For Peace With Putin, End America’s Pointless Wars
Above Photo: Vladimir Putin and Donald Trump meet at the 2017 G-20 Hamburg Summit. Credit: Creative Commons/www.kremlin.ru.
Ignore the establishment: Trump has a huge opportunity at his upcoming summit.
The upcoming summit between Donald Trump and Vladimir Putin is an overdue opportunity for the American president’s next bold peace initiative. It is time for the U.S. to stop its wasteful wars, and Russia can be a constructive partner to this end.
The mainstream press on both sides of the Atlantic will howl against any agreement between Trump and Putin—no matter what’s in it. So why not take steps that the American public will instinctively understand and that will provide the support for Trump to end America’s failed interventions? Besides what are his opponents going to do? Vilify him for seeking peace and starting the process of healing the many wounds of the wars? The American people are not fooled by false claims that Trump is soft on terrorism; they are aware that U.S. military interventions oftentimes can—and do—fuel terrorism.
President Trump should propose a drawdown of American troops in Afghanistan in exchange for a drawdown of Russian troops in Syria (along with a pledge that America has no interest in reengaging in the Syrian Civil War). This would be consistent with Trump’s oft-stated observation that America’s wars (declared and undeclared) in the Middle East have been a waste.
Trump need not “recognize” the Russian annexation of Crimea but he should assert that a resolution to the situation on the ground in Ukraine is a European matter—to be settled by bilateral negotiations between Russia and Europe.
Understanding of this magnitude would obviate the main pretext for the senseless escalation of pecuniary diplomatic sanctions—the defenestration of embassy and consulate staff—on the parts of both Russia and the United States. The return of the possibility of civilian travel between the two nations would do wonders to lower tensions. (Remember, even at the height of the Cold War, President Eisenhower argued that populations denied contact with each other would tend to be suspicious of each other—and prone to minor conflicts that could escalate into larger wars.)
The American public is not interested in diplomatic and media theater. They know two things to be true: the failing “Trump-Russia collusion” hysteria is proving baseless (and distracting from concerns over economic growth and jobs); and whatever America’s international security interests are in the Middle East, we are all better protected with allies that face similar threats.
Russia has more reason to be concerned over Islamic terrorism than America. Their southern border touches on several Islamic countries: Turkey, Iran, Azerbaijan, Turkmenistan, Kazakhstan, Uzbekistan, Tajikistan, Kyrgyzstan, and Afghanistan. The instability created by America’s misguided military adventures has, for years, been unsettling to Russia. According to a friend who has long studied Russia, America’s post-Cold War military aggression, starting in the Balkans, began the ascension to power of Russian military hardliners who were skeptical of America’s intentions for peace.
Russia has a significantly better understanding of and influence over most of those countries, including Iran. America’s relationship with Iran has long been hostile due to years of interference and mistreatment. The relationship was seriously complicated in 1953 when our CIA and British intelligence overthrew their democratically elected prime minister, Mohammad Mosaddegh, and placed the brutal Shah in power. The Washington keyboard warriors never mention this sad chapter in our history. Imagine how we would feel towards a country that interfered with us to that extent.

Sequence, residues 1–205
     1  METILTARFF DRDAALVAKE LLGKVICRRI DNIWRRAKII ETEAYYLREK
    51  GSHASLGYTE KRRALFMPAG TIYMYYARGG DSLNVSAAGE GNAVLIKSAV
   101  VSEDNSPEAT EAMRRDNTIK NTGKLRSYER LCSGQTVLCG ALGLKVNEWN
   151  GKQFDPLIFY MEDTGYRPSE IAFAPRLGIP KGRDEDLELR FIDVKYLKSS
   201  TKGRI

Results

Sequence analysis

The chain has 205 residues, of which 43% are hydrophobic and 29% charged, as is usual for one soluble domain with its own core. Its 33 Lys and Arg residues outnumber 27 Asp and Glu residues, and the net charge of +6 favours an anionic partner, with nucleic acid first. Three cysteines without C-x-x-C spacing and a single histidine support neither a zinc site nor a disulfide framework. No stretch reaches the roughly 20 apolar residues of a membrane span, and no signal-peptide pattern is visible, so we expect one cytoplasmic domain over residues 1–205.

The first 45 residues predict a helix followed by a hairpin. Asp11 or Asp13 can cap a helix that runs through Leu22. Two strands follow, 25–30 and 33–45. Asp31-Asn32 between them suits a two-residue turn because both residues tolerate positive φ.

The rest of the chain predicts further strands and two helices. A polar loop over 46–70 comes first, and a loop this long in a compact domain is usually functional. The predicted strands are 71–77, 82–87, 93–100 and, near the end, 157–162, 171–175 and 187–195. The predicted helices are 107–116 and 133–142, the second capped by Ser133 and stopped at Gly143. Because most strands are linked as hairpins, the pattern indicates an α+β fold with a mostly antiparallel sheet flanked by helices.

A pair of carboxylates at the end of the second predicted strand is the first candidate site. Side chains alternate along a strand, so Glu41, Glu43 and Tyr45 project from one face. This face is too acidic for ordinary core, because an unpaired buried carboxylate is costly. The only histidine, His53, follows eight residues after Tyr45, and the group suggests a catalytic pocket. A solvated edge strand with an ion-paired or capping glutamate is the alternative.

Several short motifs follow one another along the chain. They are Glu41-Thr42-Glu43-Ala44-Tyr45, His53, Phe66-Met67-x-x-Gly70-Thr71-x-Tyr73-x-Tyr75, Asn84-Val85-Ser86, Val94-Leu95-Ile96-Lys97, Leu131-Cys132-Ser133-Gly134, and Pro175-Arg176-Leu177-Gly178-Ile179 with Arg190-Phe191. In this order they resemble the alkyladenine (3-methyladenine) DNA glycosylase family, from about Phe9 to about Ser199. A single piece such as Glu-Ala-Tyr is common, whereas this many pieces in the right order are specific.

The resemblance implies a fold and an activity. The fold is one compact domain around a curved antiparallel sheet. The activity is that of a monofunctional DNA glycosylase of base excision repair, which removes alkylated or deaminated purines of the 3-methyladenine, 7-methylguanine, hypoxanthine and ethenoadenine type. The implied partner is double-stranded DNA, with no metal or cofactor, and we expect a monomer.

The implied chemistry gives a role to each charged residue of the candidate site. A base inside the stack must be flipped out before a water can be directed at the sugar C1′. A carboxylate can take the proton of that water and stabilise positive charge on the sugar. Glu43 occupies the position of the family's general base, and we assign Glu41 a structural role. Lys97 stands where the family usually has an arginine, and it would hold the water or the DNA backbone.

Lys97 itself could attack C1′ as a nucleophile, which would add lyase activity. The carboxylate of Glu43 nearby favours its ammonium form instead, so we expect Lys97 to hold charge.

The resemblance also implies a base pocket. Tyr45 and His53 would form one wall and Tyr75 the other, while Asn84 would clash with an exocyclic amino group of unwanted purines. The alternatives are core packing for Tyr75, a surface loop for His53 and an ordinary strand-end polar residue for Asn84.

How much smarter would it be for Russia to work with its neighbor Iran to limit the civil war in Yemen, than for America to continue to provide military support to Saudi Arabia to perpetuate a colossal human tragedy?
The naysayers ridiculed Trump’s peace initiative with North Korea, and yet his denuclearization and pacification of the Korean Peninsula advances (in contrast to the efforts of four previous American presidential administrations). Given that Trump and Kim could sit together, what stands in the way of progress with Putin?
The past year and a half of Russophobia have been driven by the “bitter clingers” of Hillary’s failed national political ambitions, the military-industrial complex, corporate interests, corporate media, the Washington/New York/Hollywood commentariat, and foreign lobbyists. Too many of them profit from an endless state of war—throughout the world and, in particular, with Russia.
Washington and its clients are terrified that the war gravy train will be slowed or stopped. Our NATO clients are afraid of carrying their own national defense burdens. Washington neocons are perfectly willing to continue to waste the lives of our devoted military to protect both their funding and a world order that the West’s victory in the Cold War has rendered moot.
Again, the American people share no such delusions and are overwhelmingly tired of the wars they cannot explain or even locate on a globe. These wars have damaged and destroyed American families. War proponents’ repeated incantations about “supporting the troops” instead of keeping them home to protect their families and our country has worn thin.
We hear stories about parents being separated from their children at our borders, but not a peep about the American children being separated from their soldier parents and parents being separated from their soldier sons and daughters abroad.
The July 16 Trump-Putin summit is an opportunity for the president to act boldly in the face of near-total establishment opposition and work to bring peace to a war-weary world. If he works to reduce America’s involvement in its wars, the Russo-American disagreements will fade.